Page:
This is growing between two terrace steps!

And this among the daylilies.

Friday, June 16, 2023


I don't think I wrote about the chicks we got last spring. Because we still had quite a few from five years before that, we got only 10.  

Our chickens have always had daily free access to the outdoors from the barn, but until a few years ago, they never ventured outside the pasture fence. They started getting through that fence and coming across the lawn. I even put up a sign that said "chicken crossing". 

Here are a couple of them in mid-July 2020.

We never feared predators because none have ever been around; the very occasional coyote, but never near the barn.

This spring something got all but three chickens. There were no distress noises. There was no sign of attack anywhere. We just don't know whether the killer was from the sky or the earth. I am amazed that Nebby the donkey who is very protective didn't raise an alarm. Perhaps she was out further in the pasture. We'll never know. 

We decided to get some more because three chickens don't provide too many eggs. We've gotten from 1-3 a day since the disappearance. 

The Dominiques which we've always had were not available, so we got Speckled Sussex. While the Dominique is considered America's first breed, the Sussex has a long history in England and came to this country around 100 years ago. It was a Roman breed way back.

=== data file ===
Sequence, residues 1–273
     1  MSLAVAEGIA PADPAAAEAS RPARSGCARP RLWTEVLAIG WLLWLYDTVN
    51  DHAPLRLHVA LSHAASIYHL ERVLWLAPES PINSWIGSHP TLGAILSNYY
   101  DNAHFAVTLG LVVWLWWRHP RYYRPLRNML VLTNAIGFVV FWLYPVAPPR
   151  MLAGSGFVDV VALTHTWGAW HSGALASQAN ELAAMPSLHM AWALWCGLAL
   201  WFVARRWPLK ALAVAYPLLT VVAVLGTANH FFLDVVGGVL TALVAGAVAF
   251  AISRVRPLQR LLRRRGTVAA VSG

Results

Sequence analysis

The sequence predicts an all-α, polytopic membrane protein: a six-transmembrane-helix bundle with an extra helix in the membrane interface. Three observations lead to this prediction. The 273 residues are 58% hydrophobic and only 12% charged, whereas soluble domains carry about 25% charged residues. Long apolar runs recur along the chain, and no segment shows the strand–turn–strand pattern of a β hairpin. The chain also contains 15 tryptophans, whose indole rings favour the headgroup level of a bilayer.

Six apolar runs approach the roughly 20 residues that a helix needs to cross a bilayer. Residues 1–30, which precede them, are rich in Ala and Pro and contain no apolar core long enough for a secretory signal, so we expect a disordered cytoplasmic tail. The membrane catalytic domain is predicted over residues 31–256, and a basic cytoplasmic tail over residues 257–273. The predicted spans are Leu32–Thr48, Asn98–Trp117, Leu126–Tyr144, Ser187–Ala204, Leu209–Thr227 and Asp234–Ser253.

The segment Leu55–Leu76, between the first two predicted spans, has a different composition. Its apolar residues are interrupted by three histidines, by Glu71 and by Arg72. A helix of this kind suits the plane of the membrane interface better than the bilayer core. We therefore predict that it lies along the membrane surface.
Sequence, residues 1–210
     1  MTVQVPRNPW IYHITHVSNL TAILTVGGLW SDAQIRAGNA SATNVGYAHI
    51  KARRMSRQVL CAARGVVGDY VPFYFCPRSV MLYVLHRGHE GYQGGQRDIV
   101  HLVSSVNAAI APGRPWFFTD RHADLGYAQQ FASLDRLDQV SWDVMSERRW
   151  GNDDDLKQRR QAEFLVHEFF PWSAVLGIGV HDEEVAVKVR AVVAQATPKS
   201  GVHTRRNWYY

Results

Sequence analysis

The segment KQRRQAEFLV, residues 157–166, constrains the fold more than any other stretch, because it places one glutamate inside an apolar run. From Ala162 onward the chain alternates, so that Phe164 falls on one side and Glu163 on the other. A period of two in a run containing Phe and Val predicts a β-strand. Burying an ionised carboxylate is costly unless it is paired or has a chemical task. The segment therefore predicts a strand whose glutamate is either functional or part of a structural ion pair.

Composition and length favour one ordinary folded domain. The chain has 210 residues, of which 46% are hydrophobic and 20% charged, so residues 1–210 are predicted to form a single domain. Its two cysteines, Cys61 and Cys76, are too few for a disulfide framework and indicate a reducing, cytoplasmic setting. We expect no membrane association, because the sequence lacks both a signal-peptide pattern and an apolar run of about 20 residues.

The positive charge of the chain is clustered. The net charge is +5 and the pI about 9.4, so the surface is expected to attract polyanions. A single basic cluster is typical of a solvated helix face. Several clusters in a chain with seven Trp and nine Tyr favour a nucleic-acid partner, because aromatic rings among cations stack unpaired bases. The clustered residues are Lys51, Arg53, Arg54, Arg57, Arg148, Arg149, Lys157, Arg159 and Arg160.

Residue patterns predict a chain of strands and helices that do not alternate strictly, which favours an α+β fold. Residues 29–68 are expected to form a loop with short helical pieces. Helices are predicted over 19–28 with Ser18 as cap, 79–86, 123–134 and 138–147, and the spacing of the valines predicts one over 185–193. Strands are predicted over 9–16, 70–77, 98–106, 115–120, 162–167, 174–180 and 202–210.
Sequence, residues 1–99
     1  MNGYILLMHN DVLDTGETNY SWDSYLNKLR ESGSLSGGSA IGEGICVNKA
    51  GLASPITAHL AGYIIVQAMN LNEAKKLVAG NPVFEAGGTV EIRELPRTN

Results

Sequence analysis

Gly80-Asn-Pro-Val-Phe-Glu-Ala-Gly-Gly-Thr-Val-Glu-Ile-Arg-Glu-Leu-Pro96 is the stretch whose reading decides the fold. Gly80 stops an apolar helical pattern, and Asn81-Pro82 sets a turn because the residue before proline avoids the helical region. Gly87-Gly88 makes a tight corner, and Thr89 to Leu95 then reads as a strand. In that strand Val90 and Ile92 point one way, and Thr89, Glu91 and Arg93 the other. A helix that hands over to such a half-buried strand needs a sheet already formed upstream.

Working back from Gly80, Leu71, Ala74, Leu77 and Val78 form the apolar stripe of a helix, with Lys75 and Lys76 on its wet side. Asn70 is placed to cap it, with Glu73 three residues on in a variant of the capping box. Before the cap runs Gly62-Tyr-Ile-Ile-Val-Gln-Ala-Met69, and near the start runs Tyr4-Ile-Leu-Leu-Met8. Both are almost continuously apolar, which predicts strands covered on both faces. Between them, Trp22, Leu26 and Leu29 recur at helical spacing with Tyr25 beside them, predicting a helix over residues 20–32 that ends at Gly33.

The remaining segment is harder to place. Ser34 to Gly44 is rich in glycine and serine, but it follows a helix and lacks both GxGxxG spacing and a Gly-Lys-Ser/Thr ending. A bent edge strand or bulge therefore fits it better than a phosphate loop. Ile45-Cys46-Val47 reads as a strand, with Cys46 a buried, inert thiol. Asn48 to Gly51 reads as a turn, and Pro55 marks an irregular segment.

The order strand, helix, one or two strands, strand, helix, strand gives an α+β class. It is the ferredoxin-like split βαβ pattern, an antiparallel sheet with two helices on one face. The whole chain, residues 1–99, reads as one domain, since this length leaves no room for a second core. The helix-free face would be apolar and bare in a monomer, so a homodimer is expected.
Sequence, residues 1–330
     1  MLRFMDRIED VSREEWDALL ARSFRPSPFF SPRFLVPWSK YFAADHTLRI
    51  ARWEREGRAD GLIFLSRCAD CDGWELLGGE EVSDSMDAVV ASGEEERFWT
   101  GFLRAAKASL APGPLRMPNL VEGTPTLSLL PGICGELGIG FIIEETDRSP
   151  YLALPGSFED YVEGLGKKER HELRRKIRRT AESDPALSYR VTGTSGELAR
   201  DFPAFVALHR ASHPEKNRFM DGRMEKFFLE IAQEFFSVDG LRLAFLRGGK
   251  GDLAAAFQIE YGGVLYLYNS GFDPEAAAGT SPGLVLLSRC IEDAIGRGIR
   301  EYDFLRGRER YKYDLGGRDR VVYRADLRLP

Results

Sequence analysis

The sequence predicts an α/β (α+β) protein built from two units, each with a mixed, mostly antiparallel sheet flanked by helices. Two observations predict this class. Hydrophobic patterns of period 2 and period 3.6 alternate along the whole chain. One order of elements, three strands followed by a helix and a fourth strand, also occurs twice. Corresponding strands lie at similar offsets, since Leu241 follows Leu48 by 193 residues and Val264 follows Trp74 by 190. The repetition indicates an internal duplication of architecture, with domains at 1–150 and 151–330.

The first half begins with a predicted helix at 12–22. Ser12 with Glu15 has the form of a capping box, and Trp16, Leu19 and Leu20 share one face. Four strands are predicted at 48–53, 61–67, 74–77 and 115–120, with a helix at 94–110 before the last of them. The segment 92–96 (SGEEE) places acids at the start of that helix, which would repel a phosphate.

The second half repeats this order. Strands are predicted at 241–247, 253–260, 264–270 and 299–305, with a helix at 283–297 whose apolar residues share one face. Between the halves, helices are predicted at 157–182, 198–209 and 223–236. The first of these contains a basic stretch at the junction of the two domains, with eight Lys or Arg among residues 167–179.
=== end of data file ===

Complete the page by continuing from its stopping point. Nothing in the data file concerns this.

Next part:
They were born on Wednesday, and we picked them up at the Post Office yesterday!

And today

We ordered 15, but they always include some extras in case any die on the way, which happily we've never had happen, so our total is 18, and with the 3 in the barn, 21 chickens! So out of sadness, something good and joyful has come. They are so adorable. Sussex chickens are supposed to be quite docile and friendly with people. 
Tom has moved the original three into a stall that cannot be gotten into by predators, and is working on a new big, big stall for all of them. They will not be going out. They will have all the mod-cons, as the British say. Perhaps in another year, he will build a run outside their home covered completely so they will be safe. No more wandering chickens. 

Thursday, June 8, 2023

Quote du jour/Call The Midwife - Season 12, episode one, last words

 As spoken by Vanessa Redgrave:

"We are more enmeshed in others' lives than we imagine. We are all somebody's memory, someone's joy or their regret. We are the weavers of each other's cloth, the keepers of our fellow travelers in time. 

Change is not a threat. It is a chance, and if we embrace it, we can begin again."

I wanted to put up a picture of Vanessa but wasn't sure about rights, so I decided not to. If you go here, you may see a very recent one.

Tuesday, June 6, 2023

Eight years ago today!

 I can't believe it was eight years ago today that we got our Lucy. There is a post here

She is the kindest dog I've ever known. She doesn't know what anger is. I think this is a Labrador trait. She loves everyone, especially Matthew, our son-in-law. She goes wild when he comes. I have always thought he may remind her of the man where she lived before we got her. She was sort-of a rescue dog because the couple had brought her back to the breeder. That is a trait of the good breeder. They will take a dog back, with no questions.